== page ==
. what about the children's right to be safe inside the classroom? joining me now from fort worth, texas is radio talk show host janine turner. from los angeles leslie marshall, she is a fox news contributor. okay, ladies. explain this one to me. because leslie, you know, at first blush this seems to be fairly incredibly outrageous with children and their lives at stake. their emotional well being at stake with a teacher who might be accused of in this case criminally indicted for some type of sexual misconduct. now t will be more difficult to suspend or remove the teacher for this type of what could be criminal misconduct. what happened? >> well, i live here in california as you know. although my kids are part of the l.a. unified school district, that's not our district where the allegation took place most recently. very heinous. as a mother it sickens he me. i'm a union gal. i also am a constitution and everyone has a right to due process innocent until proven guilty gal. i have to say where i stand differently between the union and between our politicians here in california is i would
... austin, texas... we are all here to represent the country we love this is for everyone back home it's go time. across america, we're all committed to team usa. this is new york state. we built the first railway, the first trade route to the west, the greatest empires. then, some said, we lost our edge. well today, there's a new new york state. one that's working to attract businesses and create jobs. a place where innovation meets determination... and businesses lead the world. the new new york works for business. find out how it can work for yours at i tell mike what i can spend. i do my best to make that work. we're driving safely. and sue saved money on brakes. now that's personal pricing. >>> this next story is ridiculous. so say things got out of hand in a debate in jordan is putting it mildly. take a look at this. so a jordanian member of parliament threw a shoe and then, get this, he pulled out a pistol when a discussion with a pormer politician got heated on tv. it was live. it seems he was accused of buying his way into parliament. the host stepped in to break up t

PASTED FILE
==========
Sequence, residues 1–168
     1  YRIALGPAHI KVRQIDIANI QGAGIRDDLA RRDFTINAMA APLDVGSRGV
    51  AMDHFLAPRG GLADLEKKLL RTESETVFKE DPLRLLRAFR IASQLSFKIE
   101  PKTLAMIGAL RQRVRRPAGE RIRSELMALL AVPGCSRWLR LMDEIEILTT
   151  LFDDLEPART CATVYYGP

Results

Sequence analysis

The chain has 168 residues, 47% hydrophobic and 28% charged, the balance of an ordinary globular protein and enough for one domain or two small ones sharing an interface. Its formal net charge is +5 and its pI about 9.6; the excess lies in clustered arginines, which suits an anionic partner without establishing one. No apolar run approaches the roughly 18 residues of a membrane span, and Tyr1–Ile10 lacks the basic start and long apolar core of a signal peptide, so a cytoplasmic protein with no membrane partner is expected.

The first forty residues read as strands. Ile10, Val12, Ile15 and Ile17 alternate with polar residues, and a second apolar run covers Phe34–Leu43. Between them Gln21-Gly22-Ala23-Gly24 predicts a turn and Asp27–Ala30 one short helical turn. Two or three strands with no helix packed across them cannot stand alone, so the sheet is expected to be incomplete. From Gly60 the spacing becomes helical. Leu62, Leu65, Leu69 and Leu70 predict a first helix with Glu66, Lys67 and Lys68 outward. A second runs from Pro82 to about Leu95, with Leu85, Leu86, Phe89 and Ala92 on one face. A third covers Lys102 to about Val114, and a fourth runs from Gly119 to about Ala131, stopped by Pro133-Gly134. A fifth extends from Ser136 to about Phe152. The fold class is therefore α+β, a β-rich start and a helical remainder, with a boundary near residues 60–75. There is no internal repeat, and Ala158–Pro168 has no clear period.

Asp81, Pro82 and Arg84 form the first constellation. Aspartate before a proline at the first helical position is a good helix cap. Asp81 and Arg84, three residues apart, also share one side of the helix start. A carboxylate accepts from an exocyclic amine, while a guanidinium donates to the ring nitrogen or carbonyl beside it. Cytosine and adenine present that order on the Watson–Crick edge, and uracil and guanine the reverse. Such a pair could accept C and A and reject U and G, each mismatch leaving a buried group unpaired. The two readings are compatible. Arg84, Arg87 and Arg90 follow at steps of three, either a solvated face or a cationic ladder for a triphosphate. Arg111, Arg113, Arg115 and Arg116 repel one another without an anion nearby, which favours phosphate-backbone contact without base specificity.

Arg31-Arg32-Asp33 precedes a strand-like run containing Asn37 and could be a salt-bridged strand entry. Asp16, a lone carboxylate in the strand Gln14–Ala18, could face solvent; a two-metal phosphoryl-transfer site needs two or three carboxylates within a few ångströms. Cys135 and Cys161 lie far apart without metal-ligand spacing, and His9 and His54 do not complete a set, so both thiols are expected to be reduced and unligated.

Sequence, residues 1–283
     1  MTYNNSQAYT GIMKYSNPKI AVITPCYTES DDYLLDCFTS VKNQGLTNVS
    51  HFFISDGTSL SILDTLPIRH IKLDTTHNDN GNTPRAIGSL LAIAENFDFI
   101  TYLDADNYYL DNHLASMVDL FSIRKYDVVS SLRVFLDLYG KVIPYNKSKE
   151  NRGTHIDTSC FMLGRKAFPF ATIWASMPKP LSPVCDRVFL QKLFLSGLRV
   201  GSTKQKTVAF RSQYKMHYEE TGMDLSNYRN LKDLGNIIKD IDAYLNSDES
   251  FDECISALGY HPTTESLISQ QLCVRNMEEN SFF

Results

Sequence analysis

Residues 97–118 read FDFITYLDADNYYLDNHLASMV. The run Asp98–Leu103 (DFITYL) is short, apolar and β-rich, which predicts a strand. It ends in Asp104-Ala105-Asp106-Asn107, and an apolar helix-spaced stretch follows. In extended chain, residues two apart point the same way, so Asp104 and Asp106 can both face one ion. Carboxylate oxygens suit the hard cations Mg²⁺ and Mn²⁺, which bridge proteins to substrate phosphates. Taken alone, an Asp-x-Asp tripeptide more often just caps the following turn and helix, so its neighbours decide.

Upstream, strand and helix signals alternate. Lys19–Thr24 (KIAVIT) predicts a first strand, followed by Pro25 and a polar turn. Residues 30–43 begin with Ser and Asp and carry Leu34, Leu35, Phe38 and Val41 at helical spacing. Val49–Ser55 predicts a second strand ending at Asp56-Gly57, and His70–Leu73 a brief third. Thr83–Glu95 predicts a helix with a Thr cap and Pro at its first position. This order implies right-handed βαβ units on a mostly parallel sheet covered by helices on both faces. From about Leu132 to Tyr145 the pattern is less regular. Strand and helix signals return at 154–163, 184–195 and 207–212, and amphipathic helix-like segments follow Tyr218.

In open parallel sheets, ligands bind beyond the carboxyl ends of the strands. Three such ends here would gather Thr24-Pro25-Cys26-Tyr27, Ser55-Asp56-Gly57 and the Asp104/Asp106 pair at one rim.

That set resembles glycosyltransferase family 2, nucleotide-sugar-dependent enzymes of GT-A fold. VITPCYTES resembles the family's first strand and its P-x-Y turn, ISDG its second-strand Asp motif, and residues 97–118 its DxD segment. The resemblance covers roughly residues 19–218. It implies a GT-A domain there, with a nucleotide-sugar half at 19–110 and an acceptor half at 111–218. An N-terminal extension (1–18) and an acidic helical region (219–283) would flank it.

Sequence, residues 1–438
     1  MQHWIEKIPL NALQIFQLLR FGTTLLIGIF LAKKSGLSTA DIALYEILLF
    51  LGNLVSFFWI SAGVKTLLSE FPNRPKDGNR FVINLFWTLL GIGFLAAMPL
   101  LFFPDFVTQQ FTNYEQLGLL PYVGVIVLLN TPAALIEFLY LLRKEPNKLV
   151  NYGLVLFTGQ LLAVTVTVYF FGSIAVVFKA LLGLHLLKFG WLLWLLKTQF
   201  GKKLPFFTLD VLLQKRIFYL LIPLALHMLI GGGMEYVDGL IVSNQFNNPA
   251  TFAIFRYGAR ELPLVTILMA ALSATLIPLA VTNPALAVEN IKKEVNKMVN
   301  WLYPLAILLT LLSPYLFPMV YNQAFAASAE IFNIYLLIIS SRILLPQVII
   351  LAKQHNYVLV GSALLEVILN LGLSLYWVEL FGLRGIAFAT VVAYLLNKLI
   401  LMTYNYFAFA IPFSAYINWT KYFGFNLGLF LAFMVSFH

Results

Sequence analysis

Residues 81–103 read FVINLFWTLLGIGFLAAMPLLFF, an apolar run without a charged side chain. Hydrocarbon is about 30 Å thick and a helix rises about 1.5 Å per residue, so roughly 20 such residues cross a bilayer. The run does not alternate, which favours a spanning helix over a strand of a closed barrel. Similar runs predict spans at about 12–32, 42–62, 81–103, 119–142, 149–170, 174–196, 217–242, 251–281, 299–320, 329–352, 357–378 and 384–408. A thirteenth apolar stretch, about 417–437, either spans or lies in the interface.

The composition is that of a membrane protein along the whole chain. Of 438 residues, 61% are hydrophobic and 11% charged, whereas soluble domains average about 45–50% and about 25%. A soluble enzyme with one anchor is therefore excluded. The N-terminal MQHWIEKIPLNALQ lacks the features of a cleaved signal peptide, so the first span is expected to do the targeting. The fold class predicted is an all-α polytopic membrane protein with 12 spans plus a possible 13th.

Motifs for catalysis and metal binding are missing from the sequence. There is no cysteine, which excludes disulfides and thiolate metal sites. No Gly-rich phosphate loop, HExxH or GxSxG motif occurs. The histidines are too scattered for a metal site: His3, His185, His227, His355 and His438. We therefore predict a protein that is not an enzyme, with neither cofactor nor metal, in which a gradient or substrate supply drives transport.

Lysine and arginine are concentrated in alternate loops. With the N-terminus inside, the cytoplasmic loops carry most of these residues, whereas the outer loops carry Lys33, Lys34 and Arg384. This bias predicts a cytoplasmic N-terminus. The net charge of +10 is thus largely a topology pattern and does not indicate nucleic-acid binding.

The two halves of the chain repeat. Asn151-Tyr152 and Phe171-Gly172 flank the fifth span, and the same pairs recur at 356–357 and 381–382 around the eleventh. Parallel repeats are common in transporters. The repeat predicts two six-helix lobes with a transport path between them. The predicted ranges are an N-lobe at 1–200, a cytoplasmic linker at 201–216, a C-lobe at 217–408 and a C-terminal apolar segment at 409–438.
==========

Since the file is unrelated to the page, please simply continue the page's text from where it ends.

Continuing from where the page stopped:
esto, bueno, ocurrió en texas el conductor responsable no actúo con rapidez para frenar en vista que el trafico tabestaba detenido. 2 personas heridas, entrellas un hispano que sufrió fracturas múltiples. >>> otro conductor en estado de fue en un vecindario en y california el chofer borracho, chocó ctra varios vehículos que estaban estacionados en horas de la tras buscar por más de una hora, los agentes arrestar a este responsable. comentamos que una tradia estremece a residentes de la gr manzana. una madre mat a sus 2 hijos y luego intentó qtarse laida. nayales chávez nos cuenta de la historia. >>> los cuerpos de los hermanos de 5 años y 4 meses de ed, fueron sacas del apartamto donde las auridades presumen que la mamáá, lisett, o abrió e muñecas las venas de sus de las ventanas del apartamento estaban selladas y encontraron una carta deespedida al lado l cuerpo sin vida de los menores. y dijeron que ahora se contrarian en un lugar mejor. familiares de las víctim junto al padre de los niños, que trabaja como policía para la ciudad, no hallaban consuelo a tanto horror.